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Problems close to/during shift change.

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by babysteps25 babysteps25 (Member) Member

2,352 Profile Views; 38 Posts

I would like to hear other peoples thoughts on the expectations of who will take care of problems that occur close to or even during shift change. It seems to happen to me all the time.

I had a patient develop a fever and chills. I called the doctor and followed his orders. I was expecting to see the patient get better but his condition didn't seem to change at all. An little over an hour later it is shift change. I had checked on the patient 10 mins prior and he was the same, but then duirng our report we see he is now pale and diaphoretic. I assure the person I was giving report to he was not like that earlier. She is upset that I didn't take care of it despite having plenty of time left in my shift.. For reference I work on a medsurge floor.

Did I commit a no-no by passing the torch?

Also once had a patient's visitor sneak in alcohol for him during a shift change (and he had already drank of course) and I stayed then to do the incident report and everything. I have many more examples but then this post would be too long.

Edited by babysteps25

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1,735 Posts; 19,695 Profile Views

Depends on what the scenerio is, what the other patients are like, and who is picking up after me. I have stayed up to 1.5 hours because of something that happened at the end of the shift. Some times the pt was ordered to be transfered to another floor right at shift change, or decompensated etc. I try to do as much as possible before the very end. 0730. Residents come and write orders starting at 0545-0600. sometimes all of your patients get a ton of orders changed and I can not and will not stay to do them all. i will remove/insert foleys, dc pcas, fluids, change them etc. I will do what I can , that is the most time consuming for the next shift. I wouldn't want to leave a decompensating pt, that occured still techincally on my shift and hope that the next coworker paged md, dealt with it. i would want to be the one to actually page and make sure the co worker knew it was a change etc. I might stay a few more minutes to help out and wait for MD's return phone call.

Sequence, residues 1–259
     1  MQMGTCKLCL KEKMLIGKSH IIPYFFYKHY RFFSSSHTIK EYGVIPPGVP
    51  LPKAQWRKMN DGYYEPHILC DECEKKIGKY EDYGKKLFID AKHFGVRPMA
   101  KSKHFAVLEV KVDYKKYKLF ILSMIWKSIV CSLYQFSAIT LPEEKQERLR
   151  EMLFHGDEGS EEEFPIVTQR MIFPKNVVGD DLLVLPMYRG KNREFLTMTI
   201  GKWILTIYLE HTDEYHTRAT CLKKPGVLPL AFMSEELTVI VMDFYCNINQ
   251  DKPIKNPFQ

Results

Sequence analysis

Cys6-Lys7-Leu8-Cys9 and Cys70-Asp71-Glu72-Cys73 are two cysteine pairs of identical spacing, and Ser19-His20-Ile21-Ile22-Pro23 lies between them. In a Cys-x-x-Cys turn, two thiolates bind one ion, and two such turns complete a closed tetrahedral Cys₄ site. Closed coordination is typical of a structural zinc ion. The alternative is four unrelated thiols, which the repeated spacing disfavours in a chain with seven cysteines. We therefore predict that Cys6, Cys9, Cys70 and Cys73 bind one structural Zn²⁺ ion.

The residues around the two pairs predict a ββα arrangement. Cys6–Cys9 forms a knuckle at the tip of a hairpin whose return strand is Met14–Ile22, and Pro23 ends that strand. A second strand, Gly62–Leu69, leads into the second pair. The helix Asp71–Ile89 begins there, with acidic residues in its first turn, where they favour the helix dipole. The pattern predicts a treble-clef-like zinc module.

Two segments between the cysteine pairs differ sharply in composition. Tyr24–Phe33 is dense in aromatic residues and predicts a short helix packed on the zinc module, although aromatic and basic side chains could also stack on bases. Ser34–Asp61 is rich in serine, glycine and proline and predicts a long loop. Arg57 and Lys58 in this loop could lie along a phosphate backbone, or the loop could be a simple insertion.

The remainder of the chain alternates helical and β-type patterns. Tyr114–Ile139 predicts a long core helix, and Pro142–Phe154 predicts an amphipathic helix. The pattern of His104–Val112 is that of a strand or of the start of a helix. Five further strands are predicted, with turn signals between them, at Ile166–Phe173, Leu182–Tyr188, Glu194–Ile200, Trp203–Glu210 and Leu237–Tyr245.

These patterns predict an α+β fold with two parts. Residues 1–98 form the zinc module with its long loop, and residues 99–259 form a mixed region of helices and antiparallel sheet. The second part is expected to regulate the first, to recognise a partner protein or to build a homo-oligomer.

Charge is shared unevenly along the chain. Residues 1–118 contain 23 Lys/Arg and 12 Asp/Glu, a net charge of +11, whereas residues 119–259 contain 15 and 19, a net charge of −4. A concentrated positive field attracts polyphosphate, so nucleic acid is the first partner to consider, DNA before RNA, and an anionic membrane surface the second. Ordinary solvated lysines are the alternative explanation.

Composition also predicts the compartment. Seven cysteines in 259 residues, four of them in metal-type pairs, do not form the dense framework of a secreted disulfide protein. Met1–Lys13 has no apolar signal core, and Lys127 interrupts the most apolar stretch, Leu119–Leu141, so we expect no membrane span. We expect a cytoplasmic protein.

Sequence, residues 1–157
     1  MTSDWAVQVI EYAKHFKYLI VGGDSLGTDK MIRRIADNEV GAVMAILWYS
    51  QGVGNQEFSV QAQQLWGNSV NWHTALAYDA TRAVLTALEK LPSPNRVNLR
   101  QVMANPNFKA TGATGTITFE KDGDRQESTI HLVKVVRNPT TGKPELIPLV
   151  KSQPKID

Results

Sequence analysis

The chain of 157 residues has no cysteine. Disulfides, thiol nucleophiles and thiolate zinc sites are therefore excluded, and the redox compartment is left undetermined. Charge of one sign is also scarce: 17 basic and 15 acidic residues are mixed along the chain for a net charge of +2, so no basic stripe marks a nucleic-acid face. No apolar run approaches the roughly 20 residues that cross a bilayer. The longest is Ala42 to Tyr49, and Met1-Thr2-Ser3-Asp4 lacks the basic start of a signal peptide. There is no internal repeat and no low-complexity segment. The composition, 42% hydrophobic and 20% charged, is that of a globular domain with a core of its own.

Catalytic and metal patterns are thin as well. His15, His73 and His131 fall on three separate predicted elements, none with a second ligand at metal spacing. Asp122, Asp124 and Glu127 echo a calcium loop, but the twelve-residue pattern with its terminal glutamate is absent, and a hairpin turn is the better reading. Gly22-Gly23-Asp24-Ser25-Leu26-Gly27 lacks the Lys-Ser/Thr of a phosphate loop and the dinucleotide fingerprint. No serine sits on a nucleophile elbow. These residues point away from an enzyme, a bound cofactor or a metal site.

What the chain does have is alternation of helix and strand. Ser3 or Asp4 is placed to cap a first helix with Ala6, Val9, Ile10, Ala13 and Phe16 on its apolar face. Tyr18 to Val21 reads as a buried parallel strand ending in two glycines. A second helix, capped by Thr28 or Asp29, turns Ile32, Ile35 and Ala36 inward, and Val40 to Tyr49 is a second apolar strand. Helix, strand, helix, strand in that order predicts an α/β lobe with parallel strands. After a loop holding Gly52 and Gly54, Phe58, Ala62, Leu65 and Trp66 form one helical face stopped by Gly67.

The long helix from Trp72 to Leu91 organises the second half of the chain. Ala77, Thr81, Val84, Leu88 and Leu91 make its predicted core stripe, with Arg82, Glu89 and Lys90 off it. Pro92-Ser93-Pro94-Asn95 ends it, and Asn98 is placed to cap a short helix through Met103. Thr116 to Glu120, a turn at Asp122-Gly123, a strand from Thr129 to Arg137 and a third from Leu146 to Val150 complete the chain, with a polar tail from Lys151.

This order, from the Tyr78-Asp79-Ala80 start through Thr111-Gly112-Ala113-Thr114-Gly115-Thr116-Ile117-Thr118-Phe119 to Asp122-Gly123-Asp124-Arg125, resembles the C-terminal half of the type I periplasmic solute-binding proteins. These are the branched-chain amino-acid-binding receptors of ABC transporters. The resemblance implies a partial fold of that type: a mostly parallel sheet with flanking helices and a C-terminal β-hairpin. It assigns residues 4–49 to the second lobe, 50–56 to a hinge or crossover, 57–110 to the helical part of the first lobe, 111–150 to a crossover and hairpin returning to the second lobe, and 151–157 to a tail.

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RNJill has 4 years experience and specializes in Med-Surg, Transplant.

135 Posts; 7,277 Profile Views

For me, it really depends on the situation. If it is just a matter of a few annoying loose ends that have come up (new order for a bolus, pt suddenly wants x/y/z/, new pt has just come up with meds that need to be given), I usually try to give report on pts and tell the oncoming nurse that I'll take care of whatever before I leave. That way the pt gets what they need, the next nurse can get started with their shift efficiently, and I don't feel guilty about leaving "a mess."

If something major is happening, I often feel like I'm sort of stuck until it is resolved. Obviously I can't leave a rapid response, pt that is going downhill, etc. HOWEVER, it is soooo annoying when an oncoming nurse is nitpicking over the fact that you haven't done some inconsequential thing for a pt who has just.come to the floor. Umm hello, when I've completed a lg amount of admission paperwork, started an IV, done labs, and given all meds, I'm not going to beat myself up for not getting a PRN sleeping pill for a pt who won't need one for several hours. I really feel that nursing IS a 24 hr job and that we should be gracious to each other about not having every.loose.end tied with for every pt at shift change. (Obviously, chronic patterns of poor time mgmt are something else).

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BeenThereDoneThat74 is a MSN, RN and specializes in Pediatrics.

1,935 Posts; 20,258 Profile Views

I know this sounds cliche, but nursing is a 24 hour job. I understand following through on an issue to an extent. Knowing who your relief is getting (like if the rest of the district is heavy) should make a difference too (if there are many issues to be passed on, yes it would be nice to help out by stomping out a fire or two).

What I hate is that oncoming nurses like to guilt the reporting nurse into feeling like every issue needs to be completely solved. It is a very subjective issue, and unfortunately there is no correct answer.

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